Title: The Circle
Author: Dave Eggers
Publisher: Alfred A. Knopf
Genre: General Fiction
Rating: 4 out 5 stars
At the beginning of The Circle, Mae Holland has just started working for the titular company, an internet conglomerate that seems like a cross between Google and Facebook. We follow her progression as a newbie in CE, or “Customer Experience”, as she climbs her way up the corporate ladder. As Mae becomes more intrenched with The Circle she seems to lose who she is as a person and becomes addicted to the very technology the company she works for produces. The Circle is shadier than it looks from the outside, but will Mae learn that before she falls victim to it’s siren song of connecting the world through the sharing of information?
This book is one focused more on themes than on plot and that is what makes it interesting. Mae’s climb to her very public role in the Circle doesn’t seem all that interesting at first glance. But the more I read, the more I started to see similariies between The Circle and the world built in George Orwell’s 1984. At one point I described this book as 1984 if Orwell had a better understanding of how future technology would actually work. Eggers has the advantage of living with this technology.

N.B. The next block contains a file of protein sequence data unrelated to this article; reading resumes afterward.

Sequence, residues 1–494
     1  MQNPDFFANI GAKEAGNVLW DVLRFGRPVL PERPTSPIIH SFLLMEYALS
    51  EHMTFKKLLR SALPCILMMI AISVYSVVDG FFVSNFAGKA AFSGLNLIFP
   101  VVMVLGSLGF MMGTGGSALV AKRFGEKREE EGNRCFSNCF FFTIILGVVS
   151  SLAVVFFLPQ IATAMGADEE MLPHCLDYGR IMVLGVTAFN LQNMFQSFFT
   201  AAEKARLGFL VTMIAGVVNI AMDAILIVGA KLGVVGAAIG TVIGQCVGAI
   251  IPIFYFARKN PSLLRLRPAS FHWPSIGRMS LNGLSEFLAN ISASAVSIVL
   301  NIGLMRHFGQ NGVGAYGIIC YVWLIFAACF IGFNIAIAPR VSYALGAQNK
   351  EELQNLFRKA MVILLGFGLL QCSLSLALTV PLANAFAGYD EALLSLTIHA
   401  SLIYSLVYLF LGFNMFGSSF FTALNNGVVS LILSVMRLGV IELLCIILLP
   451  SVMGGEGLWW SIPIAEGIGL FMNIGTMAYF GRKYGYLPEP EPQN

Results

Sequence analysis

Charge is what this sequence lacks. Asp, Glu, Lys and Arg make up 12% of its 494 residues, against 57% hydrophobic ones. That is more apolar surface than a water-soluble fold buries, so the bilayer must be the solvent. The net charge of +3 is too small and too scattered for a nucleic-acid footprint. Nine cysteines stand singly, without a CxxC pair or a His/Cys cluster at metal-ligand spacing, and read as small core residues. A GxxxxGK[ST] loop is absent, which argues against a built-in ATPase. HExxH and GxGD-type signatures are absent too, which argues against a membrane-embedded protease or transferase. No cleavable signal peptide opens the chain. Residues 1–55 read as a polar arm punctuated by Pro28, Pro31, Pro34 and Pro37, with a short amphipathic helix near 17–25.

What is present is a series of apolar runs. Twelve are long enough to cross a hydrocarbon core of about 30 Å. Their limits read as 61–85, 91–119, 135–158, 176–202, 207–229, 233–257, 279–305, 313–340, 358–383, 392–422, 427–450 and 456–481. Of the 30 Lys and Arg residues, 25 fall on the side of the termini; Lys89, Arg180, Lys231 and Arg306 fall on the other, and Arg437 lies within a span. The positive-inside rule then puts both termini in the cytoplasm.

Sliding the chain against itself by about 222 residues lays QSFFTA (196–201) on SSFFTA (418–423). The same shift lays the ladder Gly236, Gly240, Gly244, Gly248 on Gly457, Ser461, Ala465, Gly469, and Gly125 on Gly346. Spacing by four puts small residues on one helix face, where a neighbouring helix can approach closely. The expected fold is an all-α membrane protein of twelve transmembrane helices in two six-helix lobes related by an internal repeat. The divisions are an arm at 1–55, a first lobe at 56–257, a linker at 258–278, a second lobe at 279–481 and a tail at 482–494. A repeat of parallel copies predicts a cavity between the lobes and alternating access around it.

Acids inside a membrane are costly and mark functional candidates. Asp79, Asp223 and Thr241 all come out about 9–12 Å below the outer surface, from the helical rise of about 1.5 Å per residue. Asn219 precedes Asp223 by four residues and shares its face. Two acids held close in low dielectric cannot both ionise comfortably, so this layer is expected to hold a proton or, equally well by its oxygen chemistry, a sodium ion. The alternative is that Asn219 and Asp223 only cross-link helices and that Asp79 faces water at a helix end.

Eggers uses The Circle to discuss the ramifications of social media and other current technologies taken to an extreme. Issues of privacy and social media addiction are examined all while still making the working world of The Circle look rather appealing. Who, at first glance, wouldn’t want to work at a company that really cares about its employees overall well-being? But what if that same company started advertising all of its employees private information to the world? These are just a couple of issues that The Circle touches upon. The suspense in this novel feeds off how the reader feels about social media and technology and how much privacy we should give up to be able to interact with one another. There were times when I thought Eggers might just be a little too paranoid about the dangers of technology but then I’d think about how I am not currently forced to put all of my information up on Facebook and Twitter. What if I was? Would I feel different about social media if it became mandatory, either as part of my citizenry or part of my job? The questions that The Circle made me ask myself made me enjoy this novel. It’s a book where not much happens but what does happen gets the reader’s mind churning.